Archive Post: Bradford Tice

This is Bradford Tice’s poem, Lilith, from the Spring/Summer 2005 issue of the minnesota review. Since appearing in the minnesota review, Tice has gone on to publish two full collections of poetry, Rare Earth and What the Night Numbered. He currently teaches at Nebraska Wesleyan University in Lincoln. Find out more at


Sometimes the Garden was witch-grass, kaffir lily,
anemone—and sometimes it wasn’t. Sometimes

the names came like smoke, others like water.
If you think it woman’s work to bend in the garden,

then Adam was a cunt. I have moved through so many
mirrors in this life, I no longer have to look to find

my lips. To fit in this current age one must be steel,
crow’s feet. We have all of us sinned in pride.

I wanted life in excess, the garden gone to seed.
You wanted the zephyr baptized in petrol, cum

upon, and bridled—No! It can’t begin like this
again—knives drawn, wrists tied. There’s something

I have to say to you. When I left Eden, it hurt you,
how I coupled with the common and unlighted,

how your bright face was never reflected in theirs.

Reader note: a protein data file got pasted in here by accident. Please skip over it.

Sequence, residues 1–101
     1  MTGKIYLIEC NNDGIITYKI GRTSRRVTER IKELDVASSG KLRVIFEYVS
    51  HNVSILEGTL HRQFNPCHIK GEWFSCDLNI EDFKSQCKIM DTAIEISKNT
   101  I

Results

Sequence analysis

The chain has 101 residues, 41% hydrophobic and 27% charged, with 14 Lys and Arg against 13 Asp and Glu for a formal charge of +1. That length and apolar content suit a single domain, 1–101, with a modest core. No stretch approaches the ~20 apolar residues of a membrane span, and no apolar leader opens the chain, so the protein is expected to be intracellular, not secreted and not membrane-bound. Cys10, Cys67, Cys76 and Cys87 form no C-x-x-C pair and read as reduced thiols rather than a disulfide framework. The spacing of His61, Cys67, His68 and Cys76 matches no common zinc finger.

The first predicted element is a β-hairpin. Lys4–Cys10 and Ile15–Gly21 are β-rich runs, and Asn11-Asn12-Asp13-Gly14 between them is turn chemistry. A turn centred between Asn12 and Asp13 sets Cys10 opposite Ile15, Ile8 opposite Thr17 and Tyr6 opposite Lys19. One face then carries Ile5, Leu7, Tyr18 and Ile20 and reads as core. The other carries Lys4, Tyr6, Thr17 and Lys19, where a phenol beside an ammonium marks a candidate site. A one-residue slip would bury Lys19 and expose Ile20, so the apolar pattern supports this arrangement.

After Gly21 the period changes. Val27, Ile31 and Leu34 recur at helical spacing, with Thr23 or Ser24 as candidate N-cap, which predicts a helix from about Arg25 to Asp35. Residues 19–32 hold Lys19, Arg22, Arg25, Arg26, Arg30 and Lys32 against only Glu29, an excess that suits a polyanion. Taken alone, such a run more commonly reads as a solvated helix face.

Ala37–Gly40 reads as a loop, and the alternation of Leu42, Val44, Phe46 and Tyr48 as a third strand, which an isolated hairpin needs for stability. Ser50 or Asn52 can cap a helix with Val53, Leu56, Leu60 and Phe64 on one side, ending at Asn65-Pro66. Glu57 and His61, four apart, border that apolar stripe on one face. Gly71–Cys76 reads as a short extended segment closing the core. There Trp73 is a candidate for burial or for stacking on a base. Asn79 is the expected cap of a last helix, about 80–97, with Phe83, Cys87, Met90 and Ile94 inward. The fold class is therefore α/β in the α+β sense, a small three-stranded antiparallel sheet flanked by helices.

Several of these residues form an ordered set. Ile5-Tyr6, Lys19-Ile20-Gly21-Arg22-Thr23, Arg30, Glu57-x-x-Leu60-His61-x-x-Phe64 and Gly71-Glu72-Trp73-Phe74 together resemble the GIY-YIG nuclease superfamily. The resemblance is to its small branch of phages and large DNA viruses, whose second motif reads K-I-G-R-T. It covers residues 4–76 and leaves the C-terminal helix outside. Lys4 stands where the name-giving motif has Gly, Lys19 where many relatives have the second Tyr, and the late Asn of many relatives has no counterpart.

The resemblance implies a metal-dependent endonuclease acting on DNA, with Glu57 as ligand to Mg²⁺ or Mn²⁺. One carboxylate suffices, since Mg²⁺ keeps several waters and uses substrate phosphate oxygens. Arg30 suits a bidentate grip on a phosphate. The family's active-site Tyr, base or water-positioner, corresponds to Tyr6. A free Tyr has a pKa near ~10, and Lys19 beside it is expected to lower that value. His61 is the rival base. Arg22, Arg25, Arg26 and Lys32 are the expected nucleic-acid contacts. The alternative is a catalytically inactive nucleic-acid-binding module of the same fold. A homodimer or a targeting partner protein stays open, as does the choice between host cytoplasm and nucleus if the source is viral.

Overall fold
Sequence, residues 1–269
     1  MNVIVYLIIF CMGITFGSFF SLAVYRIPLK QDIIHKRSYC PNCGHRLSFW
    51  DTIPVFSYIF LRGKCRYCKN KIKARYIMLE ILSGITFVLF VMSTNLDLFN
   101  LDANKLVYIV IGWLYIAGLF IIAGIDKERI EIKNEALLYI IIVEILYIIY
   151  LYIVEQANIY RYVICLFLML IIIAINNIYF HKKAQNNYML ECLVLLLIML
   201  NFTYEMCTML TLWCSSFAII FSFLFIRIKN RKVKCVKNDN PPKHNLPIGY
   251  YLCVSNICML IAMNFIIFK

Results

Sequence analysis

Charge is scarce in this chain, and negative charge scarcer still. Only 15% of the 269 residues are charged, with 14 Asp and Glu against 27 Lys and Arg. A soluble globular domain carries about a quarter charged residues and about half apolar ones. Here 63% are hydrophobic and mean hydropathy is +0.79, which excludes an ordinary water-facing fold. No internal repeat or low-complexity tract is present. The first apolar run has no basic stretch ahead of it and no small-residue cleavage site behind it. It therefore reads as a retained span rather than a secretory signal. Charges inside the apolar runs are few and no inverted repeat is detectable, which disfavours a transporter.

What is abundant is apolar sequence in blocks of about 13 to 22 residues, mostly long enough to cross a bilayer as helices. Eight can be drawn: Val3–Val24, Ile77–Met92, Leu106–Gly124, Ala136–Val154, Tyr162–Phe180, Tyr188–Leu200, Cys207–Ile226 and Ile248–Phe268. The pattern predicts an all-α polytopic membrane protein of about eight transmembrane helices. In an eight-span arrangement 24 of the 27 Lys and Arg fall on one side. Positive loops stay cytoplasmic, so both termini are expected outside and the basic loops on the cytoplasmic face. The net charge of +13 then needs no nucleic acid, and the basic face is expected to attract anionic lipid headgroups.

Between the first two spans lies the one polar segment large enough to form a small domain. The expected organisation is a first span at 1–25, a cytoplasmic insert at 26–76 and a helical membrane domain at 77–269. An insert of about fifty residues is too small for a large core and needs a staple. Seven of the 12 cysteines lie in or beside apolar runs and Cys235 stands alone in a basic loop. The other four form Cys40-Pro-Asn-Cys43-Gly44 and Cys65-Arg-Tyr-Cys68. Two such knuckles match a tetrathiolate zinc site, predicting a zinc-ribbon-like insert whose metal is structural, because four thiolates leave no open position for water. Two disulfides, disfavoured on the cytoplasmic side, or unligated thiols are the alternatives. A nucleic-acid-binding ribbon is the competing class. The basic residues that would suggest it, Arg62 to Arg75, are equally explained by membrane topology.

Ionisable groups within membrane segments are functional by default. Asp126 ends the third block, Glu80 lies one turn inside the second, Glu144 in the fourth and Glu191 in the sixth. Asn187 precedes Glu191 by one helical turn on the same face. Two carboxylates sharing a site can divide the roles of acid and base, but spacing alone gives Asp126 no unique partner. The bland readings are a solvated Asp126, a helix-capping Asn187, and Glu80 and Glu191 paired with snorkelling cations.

So we named again in the clearing—whore, limp

dick, prick tease, Daddy’s boy. You weren’t an easy
man to suffer, and I, no garden variety. Sometimes

it was raindrop-brilliant, bat-fur-softness, lamb’s wool.
Sometimes it wasn’t. Our mistake, to ignore this sadness.


¹In Hebrew mythology, Lilith was the first wife of Adam, who was replaced by Eve due to Lilith’s headstrong insistence that she was Adam’s equal. As punishment, she was thrown from the Garden and cursed by the Lord to never be able to bear human children. However, she is said to have later coupled with demons and given birth to the succubi.

Dan Melling is a poet from England. He is currently studying for an MFA in Virginia.


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